Before we get to describing individual API endpoints, we need to first write general description for our whole project. This part of annotations lives in your main package, right before the main function:

Note: All the examples below come from my repository here, where you can find runnable application with the Swagger UI/Docs included.

import (
    ...
    swaggerFiles "github.com/swaggo/files"
    "github.com/swaggo/gin-swagger"

    _ "github.com/MartinHeinz/go-project-blueprint/cmd/blueprint/docs"
)

// @title Blueprint Swagger API
// @version 1.0
// @description Swagger API for Golang Project Blueprint.
// @termsOfService http://swagger.io/terms/

// @contact.name API Support
// @contact.email martin7.heinz@gmail.com

// @license.name MIT
// @license.url https://github.com/MartinHeinz/go-project-blueprint/blob/master/LICENSE

// @BasePath /api/v1
func main() {
    ...
    r.GET("/swagger/*any", ginSwagger.WrapHandler(swaggerFiles.Handler))
    ...
}

Above you can see example of General API Info, which includes things like name, version, license, base URL etc. There are few more fields that you can include and they are listed here with some examples.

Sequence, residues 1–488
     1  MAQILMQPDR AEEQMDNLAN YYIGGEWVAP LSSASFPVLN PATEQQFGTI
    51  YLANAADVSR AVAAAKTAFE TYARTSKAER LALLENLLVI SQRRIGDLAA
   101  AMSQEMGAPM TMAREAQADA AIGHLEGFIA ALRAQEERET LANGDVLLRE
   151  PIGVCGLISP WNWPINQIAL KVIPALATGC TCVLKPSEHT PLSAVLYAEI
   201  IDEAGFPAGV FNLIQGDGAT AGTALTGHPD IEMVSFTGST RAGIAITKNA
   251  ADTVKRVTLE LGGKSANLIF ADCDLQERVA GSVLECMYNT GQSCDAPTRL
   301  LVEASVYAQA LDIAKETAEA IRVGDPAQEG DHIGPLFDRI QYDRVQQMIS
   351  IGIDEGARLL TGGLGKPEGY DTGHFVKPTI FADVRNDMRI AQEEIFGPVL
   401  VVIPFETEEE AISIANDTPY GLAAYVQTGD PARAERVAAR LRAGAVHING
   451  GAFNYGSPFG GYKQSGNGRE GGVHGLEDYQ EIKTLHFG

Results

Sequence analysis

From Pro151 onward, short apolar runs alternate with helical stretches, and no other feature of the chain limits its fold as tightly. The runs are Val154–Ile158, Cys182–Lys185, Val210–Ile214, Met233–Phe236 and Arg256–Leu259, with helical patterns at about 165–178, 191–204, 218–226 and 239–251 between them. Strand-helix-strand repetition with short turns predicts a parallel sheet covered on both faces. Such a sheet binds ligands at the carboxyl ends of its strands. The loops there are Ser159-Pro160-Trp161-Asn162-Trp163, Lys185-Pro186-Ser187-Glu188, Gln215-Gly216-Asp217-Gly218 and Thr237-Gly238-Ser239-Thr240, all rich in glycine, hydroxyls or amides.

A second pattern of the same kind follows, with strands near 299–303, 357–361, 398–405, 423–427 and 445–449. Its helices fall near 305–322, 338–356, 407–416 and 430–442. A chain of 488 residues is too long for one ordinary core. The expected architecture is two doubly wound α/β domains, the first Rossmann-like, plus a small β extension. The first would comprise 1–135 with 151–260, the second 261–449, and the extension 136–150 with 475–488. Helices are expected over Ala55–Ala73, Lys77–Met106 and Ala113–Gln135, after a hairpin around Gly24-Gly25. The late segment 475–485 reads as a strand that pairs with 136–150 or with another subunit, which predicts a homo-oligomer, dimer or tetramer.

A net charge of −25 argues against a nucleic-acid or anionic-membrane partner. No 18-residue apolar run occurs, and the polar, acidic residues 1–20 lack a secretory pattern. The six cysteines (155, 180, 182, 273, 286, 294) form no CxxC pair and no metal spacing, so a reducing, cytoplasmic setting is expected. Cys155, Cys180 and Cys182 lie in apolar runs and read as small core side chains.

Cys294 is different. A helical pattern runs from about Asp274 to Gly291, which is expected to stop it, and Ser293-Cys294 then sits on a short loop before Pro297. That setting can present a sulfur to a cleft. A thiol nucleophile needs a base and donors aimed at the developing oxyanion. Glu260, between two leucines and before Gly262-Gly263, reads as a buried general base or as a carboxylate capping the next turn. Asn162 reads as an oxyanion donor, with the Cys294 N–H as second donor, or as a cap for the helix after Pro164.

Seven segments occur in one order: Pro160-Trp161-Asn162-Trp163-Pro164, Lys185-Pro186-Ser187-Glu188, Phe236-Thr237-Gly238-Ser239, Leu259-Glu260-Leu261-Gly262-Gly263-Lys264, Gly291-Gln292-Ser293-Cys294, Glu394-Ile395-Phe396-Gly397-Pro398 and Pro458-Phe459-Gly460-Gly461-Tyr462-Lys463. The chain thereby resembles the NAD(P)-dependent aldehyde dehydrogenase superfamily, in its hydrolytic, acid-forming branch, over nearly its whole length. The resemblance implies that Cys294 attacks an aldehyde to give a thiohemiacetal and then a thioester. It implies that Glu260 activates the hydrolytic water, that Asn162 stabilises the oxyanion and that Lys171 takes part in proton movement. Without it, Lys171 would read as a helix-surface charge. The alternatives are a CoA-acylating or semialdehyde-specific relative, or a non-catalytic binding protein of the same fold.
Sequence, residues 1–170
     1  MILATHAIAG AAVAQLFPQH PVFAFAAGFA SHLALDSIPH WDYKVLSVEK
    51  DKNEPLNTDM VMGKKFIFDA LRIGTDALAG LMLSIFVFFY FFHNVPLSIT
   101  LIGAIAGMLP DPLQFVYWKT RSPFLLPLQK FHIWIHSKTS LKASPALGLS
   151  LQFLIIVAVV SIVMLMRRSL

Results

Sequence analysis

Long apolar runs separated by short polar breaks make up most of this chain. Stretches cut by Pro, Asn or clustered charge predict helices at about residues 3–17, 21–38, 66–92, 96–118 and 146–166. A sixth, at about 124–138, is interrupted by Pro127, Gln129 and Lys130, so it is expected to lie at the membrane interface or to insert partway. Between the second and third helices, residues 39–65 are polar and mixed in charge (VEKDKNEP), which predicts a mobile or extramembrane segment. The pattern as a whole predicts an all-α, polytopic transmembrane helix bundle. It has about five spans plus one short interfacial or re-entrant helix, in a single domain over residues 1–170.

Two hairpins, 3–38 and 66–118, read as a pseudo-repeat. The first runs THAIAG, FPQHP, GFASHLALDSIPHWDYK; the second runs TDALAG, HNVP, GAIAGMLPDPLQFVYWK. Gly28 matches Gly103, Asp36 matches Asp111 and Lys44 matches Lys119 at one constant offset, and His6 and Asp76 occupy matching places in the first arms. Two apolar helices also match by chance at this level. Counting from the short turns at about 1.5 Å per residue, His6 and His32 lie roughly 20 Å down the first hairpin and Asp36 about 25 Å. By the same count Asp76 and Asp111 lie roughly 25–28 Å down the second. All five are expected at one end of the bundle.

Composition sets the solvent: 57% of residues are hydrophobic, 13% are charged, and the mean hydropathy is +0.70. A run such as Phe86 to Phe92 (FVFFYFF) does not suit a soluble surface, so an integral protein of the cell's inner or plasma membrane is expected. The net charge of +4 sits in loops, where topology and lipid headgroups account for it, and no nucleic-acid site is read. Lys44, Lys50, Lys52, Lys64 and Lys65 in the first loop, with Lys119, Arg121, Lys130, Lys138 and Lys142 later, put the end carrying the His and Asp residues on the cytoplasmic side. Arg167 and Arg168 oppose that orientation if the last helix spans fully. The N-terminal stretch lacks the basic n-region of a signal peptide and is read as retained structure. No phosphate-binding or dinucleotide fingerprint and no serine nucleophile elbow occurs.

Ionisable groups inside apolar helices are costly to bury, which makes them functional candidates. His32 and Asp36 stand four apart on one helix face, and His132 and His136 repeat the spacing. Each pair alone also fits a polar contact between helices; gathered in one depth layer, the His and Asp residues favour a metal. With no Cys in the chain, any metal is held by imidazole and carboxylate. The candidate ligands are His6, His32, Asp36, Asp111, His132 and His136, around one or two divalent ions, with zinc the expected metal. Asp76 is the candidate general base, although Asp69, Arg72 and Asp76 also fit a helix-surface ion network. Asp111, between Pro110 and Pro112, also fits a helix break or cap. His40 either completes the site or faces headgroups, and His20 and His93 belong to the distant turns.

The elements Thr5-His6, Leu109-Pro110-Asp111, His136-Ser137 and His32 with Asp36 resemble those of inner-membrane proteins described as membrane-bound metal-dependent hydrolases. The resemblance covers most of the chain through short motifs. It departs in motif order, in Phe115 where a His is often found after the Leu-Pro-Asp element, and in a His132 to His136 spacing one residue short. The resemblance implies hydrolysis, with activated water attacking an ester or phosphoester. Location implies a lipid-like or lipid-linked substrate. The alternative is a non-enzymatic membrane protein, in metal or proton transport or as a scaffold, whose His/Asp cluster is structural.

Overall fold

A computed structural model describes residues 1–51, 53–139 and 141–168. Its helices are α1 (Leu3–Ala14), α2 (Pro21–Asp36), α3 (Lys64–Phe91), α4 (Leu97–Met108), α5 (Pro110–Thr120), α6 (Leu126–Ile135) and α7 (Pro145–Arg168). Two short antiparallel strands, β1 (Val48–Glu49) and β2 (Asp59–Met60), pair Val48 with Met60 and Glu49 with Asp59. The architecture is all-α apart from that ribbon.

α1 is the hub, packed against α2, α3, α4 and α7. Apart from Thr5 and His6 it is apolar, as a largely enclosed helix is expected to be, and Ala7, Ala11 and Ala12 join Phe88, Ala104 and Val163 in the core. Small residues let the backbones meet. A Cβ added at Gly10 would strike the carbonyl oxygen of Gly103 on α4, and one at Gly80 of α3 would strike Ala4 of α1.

Apart from the annotations, we also need to import necessary libraries including blank import of our docs package that we have to generate (more on that later). One more thing we need to do, is to actually mount the Swagger UI at some endpoint, here we use "/swagger/*any.

This is the part of UI, which the annotations above would produce:

Now for the important part - annotations for API functions. These annotations precede each function that is wired in main to serve some endpoint, so when we serve endpoint like v1.GET("/users/:id", apis.GetUser), we need to annotate it like this:

// GetUser godoc
// @Summary Retrieves user based on given ID
// @Produce json
// @Param id path integer true "User ID"
// @Success 200 {object} models.User
// @Router /users/{id} [get]
func GetUser(c *gin.Context) {
    ...
}